Before diving into today’s post, I wanted to let readers know why I haven’t been posting here the last several weeks. BawldMom had her second minor stroke, complicated by a slacker heart valve. She’s fine now, but at 81, is any stroke minor? She’s now rehabbing, which includes twice weekly workouts at the rehab center, various doctor appointments, and MOST important of all, the weekly hairdresser appointment on Fridays. All this has required me and The Boss to cart her around, as her drivin’ days are in the rearview mirror. A solution to this has been found, so that others will be acting as her chauffeur most of the time. Then there’s been the time lookin’ for a new place to live. Since we need a granny flat or something akin to that, you can imagine the slim pickin’s. What with so many hours driving Mom around — obviously a FAR greater priority than writing words on a blog — posting here was temporarily crossed off the to-do list. If Mom lives another century, I’ll still be in her debt. But then you know that, right? We can never really pay our moms back for everything they did for us.
Finally, thanks so much, from the bottom of my wicked BawldHeart to those who’ve called and written with words of support. I tell Mom all the time about those who’ve said they’ve been thinkin’ about her, praying too. Again, thanks a million to all of you.
OK, back to what passes as normal. Let the posting begin.
Though Purposeful Planning is the foundation on which any serious retirement plan should be built, one of the most important factors to be considered is age. Yeah, I know, ‘Hello, Captain Obvious’. Still, I was struck the other day as I had one of the two best ‘first meetings’ with a real estate investor I’ve had this year. It’s always exciting for me to be able to meet clients and potential clients face to face, as more than nine of 10 live 300-12,000 miles away from me. I’ve had ongoing clients for years and not met them in person, though we’ve developed a super relationship while talking on the phone. I had one of those meetings recently, and it was magnificent.
First off, while maintaining his privacy, I wanna thank him for driving a couple hours or so, then buyin’ lunch. The setting was perfect, the conversation priceless — and we met again the next morning. Thanks for everything, especially the back to back fixes.
Let me give you the most crucial takeaway resulting from these meetings.
Any strategy, principle, axiom, or tactic used in real estate investing, or any other investing for that matter, is rarely universal. It’s almost always subject to context. Don’t gloss over that statement. When preparing a seriously thought out Purposeful Plan, factors providing reliable context will be pivotal — an understatement if there ever was one. But it doesn’t end once we’ve identified the real life context of all pertinent factors. That context, and the strategy(s) it generates are subject to an even more powerful aspect of Planning — your comfort zone.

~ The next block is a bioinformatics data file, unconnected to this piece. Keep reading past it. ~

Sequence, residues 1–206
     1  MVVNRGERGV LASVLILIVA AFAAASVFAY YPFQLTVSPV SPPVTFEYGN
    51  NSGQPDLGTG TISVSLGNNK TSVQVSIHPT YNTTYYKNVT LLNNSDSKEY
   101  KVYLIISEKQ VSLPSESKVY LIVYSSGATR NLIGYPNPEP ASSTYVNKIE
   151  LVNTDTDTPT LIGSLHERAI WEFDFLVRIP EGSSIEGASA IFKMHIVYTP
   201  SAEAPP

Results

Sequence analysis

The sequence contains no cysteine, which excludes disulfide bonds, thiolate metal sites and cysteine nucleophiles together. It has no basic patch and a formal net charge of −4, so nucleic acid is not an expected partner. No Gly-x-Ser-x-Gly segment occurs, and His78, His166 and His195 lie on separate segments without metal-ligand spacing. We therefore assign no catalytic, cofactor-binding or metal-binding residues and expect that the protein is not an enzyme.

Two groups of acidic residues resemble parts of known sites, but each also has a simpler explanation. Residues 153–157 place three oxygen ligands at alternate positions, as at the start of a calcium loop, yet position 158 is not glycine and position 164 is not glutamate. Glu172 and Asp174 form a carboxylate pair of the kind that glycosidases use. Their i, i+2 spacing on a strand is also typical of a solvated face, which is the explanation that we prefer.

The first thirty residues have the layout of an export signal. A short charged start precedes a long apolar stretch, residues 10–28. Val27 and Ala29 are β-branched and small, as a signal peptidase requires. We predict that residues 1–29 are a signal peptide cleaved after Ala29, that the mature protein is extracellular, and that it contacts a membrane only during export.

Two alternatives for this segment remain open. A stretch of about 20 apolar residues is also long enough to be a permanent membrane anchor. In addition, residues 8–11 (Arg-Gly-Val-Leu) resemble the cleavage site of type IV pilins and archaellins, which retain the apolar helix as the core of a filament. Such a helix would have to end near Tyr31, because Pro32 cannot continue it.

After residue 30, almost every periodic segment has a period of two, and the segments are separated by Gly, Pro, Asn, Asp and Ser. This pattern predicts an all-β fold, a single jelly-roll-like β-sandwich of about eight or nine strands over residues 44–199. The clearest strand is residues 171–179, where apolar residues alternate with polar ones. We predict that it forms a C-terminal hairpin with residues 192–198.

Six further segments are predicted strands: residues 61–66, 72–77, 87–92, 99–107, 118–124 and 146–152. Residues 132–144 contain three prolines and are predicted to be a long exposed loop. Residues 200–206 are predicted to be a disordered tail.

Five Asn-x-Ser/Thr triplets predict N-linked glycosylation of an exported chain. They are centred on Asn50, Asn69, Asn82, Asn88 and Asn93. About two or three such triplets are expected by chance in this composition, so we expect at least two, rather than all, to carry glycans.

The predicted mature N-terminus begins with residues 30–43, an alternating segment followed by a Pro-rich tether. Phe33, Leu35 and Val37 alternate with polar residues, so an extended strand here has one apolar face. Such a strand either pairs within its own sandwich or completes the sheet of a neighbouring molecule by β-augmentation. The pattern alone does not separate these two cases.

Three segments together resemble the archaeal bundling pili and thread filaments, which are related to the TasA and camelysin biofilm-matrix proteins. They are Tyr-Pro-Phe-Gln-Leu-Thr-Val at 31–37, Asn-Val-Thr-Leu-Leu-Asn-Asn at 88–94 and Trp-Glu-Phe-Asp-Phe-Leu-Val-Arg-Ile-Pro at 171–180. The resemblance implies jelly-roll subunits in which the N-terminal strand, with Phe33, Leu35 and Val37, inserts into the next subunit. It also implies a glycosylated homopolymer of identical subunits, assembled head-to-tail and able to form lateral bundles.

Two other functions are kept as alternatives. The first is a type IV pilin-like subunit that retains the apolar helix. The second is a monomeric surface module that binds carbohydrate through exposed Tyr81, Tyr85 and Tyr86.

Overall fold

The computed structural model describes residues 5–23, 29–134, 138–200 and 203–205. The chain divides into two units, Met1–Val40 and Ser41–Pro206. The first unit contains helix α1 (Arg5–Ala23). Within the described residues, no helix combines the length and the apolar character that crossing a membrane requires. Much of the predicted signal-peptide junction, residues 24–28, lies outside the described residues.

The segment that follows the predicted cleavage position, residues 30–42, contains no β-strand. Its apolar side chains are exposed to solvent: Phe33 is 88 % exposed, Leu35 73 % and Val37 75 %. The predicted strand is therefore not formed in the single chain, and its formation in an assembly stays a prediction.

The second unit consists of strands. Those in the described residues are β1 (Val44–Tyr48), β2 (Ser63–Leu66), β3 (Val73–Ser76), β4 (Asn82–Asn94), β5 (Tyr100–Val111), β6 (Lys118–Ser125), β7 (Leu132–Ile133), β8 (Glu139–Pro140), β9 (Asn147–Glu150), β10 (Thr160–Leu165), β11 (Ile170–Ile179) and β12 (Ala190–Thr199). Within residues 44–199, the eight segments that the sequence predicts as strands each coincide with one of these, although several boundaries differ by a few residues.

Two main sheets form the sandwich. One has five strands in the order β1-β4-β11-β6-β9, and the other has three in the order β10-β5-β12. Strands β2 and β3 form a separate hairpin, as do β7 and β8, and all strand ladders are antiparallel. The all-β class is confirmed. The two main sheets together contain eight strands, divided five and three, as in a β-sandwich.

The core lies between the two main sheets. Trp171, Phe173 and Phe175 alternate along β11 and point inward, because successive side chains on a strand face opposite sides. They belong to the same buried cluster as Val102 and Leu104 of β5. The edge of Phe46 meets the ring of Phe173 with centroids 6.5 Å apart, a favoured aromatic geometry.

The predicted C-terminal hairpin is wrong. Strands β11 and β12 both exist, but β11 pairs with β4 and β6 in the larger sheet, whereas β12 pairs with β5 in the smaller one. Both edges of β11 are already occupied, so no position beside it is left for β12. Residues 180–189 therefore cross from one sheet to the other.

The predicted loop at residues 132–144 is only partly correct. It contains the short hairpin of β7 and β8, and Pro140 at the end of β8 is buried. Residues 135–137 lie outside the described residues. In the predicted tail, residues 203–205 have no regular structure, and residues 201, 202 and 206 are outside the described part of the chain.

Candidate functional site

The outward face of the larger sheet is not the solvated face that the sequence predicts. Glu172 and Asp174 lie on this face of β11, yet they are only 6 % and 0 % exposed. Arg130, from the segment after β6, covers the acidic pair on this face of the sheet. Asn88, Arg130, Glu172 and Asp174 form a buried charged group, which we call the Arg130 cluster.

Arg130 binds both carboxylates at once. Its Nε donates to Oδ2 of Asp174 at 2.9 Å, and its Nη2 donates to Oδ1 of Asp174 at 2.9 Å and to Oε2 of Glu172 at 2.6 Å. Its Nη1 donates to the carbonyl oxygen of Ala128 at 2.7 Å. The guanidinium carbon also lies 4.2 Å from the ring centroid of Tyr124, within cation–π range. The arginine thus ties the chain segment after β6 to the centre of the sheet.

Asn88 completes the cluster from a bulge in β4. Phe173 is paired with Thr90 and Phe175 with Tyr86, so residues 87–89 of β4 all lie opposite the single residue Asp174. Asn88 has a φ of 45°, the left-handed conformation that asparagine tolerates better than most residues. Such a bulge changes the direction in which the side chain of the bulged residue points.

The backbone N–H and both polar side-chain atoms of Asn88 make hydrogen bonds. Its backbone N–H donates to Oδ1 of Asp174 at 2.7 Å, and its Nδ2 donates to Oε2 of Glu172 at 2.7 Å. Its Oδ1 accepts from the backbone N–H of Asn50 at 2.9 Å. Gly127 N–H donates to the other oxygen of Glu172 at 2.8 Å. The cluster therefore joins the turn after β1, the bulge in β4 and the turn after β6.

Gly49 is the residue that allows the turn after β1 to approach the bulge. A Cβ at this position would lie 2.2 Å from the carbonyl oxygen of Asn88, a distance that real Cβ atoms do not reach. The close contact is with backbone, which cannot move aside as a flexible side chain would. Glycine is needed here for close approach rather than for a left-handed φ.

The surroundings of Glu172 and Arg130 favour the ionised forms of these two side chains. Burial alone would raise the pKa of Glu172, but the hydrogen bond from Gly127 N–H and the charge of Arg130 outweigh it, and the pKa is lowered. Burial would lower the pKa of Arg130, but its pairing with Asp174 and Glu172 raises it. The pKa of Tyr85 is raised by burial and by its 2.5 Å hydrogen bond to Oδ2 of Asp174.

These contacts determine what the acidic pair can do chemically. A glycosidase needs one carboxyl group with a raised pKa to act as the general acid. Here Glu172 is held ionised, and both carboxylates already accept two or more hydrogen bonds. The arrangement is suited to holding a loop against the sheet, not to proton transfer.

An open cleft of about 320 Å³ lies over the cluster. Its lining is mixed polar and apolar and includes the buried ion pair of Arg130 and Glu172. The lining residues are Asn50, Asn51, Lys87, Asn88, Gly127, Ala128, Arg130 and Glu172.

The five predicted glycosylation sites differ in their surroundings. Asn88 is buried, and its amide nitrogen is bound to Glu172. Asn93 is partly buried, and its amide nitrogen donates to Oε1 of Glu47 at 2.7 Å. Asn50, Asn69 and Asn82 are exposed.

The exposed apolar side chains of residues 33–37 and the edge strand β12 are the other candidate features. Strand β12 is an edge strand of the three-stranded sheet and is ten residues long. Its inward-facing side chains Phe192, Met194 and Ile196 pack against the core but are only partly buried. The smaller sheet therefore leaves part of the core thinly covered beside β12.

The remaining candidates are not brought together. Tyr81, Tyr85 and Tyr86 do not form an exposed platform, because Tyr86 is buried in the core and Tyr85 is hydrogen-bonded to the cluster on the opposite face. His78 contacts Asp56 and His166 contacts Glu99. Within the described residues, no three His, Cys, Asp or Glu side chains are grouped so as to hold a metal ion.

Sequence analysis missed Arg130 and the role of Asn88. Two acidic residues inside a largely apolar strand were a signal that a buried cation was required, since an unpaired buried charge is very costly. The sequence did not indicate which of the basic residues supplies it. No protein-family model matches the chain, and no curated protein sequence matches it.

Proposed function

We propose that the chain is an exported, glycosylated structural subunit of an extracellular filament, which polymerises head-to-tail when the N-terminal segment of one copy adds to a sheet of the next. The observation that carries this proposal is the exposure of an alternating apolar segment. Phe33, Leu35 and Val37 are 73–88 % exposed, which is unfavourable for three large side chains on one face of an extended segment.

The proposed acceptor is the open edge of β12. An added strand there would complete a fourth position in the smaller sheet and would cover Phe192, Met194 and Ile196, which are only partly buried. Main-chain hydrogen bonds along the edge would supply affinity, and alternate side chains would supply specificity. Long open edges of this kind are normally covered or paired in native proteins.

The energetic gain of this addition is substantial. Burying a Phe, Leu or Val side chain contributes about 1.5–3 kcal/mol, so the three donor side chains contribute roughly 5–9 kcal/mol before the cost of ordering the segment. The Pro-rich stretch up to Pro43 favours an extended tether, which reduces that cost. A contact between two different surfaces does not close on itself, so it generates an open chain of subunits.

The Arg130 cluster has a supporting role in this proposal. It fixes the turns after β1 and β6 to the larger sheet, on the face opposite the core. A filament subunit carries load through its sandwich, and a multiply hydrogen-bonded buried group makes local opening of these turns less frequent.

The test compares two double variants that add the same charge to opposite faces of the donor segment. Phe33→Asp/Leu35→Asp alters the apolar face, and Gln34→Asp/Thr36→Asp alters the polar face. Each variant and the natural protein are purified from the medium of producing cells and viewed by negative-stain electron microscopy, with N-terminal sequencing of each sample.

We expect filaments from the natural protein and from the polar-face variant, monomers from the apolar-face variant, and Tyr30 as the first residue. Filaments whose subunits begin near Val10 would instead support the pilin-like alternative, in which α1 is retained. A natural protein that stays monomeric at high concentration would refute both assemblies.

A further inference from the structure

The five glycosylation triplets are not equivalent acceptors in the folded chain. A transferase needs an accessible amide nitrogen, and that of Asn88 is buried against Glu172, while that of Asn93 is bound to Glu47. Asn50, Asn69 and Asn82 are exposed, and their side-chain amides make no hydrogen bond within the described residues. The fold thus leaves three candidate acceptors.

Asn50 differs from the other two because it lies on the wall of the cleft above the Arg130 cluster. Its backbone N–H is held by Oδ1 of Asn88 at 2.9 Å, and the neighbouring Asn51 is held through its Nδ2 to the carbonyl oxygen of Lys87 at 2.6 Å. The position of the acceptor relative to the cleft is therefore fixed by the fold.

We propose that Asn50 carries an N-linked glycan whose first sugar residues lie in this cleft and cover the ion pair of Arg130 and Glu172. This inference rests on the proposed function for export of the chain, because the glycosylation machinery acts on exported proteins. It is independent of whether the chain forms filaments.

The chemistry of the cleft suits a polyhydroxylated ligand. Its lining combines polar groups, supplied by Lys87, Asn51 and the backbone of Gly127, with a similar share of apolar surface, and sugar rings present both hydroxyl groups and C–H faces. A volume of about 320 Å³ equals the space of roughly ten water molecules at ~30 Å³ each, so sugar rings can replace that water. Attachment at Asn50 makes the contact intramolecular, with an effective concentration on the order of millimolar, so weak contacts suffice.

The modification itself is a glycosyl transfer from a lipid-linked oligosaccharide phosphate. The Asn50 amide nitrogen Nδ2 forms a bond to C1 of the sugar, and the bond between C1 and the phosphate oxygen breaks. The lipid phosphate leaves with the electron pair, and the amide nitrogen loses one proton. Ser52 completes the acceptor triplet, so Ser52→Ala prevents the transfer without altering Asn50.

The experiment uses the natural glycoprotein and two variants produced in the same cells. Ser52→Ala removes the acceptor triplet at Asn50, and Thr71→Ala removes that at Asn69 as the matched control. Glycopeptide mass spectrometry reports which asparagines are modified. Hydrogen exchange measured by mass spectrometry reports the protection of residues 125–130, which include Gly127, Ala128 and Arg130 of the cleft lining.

Again — please don’t shrug off the concept of your comfort zone, by merely noddin’ your head in agreement while reading on. Our comfort zone is the most powerful factor in nearly all of the decisions required when investing in real estate for retirement. If any one decision begins to even slightly nudge us outside that zone, everything comes to a halt. You know in your heart of hearts that’s true.
When part of the context is based upon you being 50 or over, things change. Duh, right? Things making sense just a few years ago, might not be on your menu now. This is especially true if you’re 55ish and wanna retire yesterday afternoon around 4:30. You may have a boatload of equity and investment capital at your disposal, but when your time window is 5-10 years, your Plan better dang well reflect that reality. Also, and again using context as our guide, building net worth is cool, but amassing impressive retirement cash flow is much mo betta according to the latest official BawldGuy Survey.
The concepts of both context and comfort zone are nearly always found keepin’ close company. When we mess with either one, whether by design, mistake, or with intent, the results will not be pleasing, an understatement if ever there was one. This is why I’m constantly beating the drums for the principles on which Purposeful Planning is based. Without context virtually any Plan will be doomed to failure. Ditto with the violation of your comfort zone. If we’re not comfortable, most of us will eventually force a change back into that zone.
Don’t mess with context or comfort zone — it rarely turns out well.
I’d be smack dab in the middle of my comfort zone is you decided to call or email me. Wanna talk? 619 889-7100 will find me. I answer my own phone. Rather write me? Easy peezy — click on the Contact BawldGuy button up top. Have a good one.